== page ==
At the time (1983) most photographers were using black and white. Walker Evans said that “Colour photography is vulgar” Fraser explored the use of colour to highlight the present verses the past and used it to add an extra element to an image. seeing both ‘The blue and the sky’ Rupert Martin Two Blue Buckets.
In this interview Fraser explains of his work with icons as being there fro that moment in time and I think this alongside the curating of the book has helped me to understand how actual process of presenting an image in printed form in great detail is just as much a part of the image as is the subject matter and when creating an image thinking about how its intended look (in this case with colour) can have an impact on the composition.
I’ve decided to use my SISE still image project to try and dip into these concepts and create my own Peter Fraser inspired images.
Been looking around to try and understand more about abstract photography for my SISE project. Finding it very hard to scrub away from taking traditional ‘good’ photographs. Looking at a site called Lens Culture I stumbled across an image that just caught my eye.
I was intrigued at how this image was made (using reflective and coloured gels) and discovered that Christina Matos – Albers has a lot of location photography that will be helpful when researching my ideas to create my own sense of place images.
Today we took part in our photography element of the SISE Carousel exercise. We headed down to Bristol Harbour again and we set a number of tasks to try and take images that capture a sense of place.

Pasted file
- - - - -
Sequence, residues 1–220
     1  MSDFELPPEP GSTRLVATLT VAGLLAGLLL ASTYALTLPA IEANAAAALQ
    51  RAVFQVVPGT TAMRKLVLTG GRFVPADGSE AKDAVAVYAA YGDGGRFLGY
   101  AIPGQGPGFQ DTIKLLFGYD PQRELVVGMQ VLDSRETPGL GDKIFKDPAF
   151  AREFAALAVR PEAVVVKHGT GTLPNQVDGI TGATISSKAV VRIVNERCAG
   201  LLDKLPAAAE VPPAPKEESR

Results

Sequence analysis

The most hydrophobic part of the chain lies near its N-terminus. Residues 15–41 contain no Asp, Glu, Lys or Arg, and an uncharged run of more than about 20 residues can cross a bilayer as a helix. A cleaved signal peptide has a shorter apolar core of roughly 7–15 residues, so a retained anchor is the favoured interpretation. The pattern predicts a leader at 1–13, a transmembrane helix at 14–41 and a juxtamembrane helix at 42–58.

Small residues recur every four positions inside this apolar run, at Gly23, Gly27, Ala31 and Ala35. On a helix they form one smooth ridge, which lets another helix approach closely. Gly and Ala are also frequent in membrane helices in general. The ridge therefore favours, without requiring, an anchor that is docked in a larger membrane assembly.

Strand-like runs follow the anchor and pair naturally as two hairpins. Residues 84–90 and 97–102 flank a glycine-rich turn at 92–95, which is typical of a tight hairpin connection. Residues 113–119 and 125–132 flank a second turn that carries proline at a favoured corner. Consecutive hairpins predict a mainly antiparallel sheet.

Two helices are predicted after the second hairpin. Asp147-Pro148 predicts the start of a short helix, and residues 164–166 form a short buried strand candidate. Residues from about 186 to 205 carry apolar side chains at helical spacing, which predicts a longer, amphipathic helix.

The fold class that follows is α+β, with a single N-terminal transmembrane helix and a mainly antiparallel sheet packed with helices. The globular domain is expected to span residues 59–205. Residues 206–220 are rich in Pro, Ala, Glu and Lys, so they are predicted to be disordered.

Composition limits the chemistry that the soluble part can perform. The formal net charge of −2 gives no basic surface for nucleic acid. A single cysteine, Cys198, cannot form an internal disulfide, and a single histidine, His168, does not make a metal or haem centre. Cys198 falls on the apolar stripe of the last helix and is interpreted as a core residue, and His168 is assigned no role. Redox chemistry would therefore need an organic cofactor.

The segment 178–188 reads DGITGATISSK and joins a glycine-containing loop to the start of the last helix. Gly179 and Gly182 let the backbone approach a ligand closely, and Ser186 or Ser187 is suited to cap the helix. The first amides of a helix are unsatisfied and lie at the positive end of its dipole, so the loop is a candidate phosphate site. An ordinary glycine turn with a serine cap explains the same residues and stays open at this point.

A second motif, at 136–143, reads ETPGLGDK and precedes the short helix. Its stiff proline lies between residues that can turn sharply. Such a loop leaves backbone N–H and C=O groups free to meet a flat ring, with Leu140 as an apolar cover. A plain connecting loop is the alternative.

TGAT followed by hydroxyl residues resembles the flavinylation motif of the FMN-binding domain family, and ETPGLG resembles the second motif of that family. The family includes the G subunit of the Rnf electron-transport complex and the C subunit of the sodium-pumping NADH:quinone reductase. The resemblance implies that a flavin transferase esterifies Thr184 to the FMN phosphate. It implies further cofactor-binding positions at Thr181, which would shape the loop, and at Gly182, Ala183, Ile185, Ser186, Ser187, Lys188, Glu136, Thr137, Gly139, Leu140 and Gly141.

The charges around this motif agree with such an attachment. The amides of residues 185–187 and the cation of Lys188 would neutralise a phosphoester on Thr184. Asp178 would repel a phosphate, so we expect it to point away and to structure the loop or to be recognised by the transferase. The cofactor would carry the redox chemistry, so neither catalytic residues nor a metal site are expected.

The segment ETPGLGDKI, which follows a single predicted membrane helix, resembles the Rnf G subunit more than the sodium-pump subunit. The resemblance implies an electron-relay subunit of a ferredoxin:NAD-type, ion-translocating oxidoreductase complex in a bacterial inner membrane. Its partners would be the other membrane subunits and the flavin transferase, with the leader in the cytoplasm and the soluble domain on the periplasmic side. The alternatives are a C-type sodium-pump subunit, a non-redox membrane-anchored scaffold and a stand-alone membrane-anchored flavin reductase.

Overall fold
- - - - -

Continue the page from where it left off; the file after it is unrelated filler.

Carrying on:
Amanda explained to us that this exercise was not about trying to take ‘good’ images but by sitting and watching and trying to capture unconventional images that could be used to get a snapshot of a particular place.
When taking our images we had to consider the available light, framing and weather conditions when deciding on images to capture.
I found the exercise useful in trying to change the way I shoot to try and make my images more meaningful but I did find it extremely difficult when trying to break my habit of taking ‘nice’ photographs. I particularly like my image of the ping pong table as I think it does a good job of displaying a place. It highlights the friendly nature i’ve discovered in Bristol and encompasses the weather and the season while the framing only gives a small amount of information about what is being photographed so the viewer would have to interpret the image for themselves instead of being told what it is straight away.
As part of our ongoing workshops we were introduced to the photography departments Nikon SLR Cameras and Adobe’s ‘Lightroom’ photo editing software.
The workshops were a useful introduction to the functionality of digital SLR cameras and the basic principles used to capture images.
We experimented with the cameras making use of various ISO, Shutter and Aperture settings.
The introduction to Light Room was particularly useful in allowing us to easily manage large numbers of images and organise them for easy developing or use in other applications. I found the software relatively straight forward and the included image editing functions will allow for a more straight forward workflow when processing images.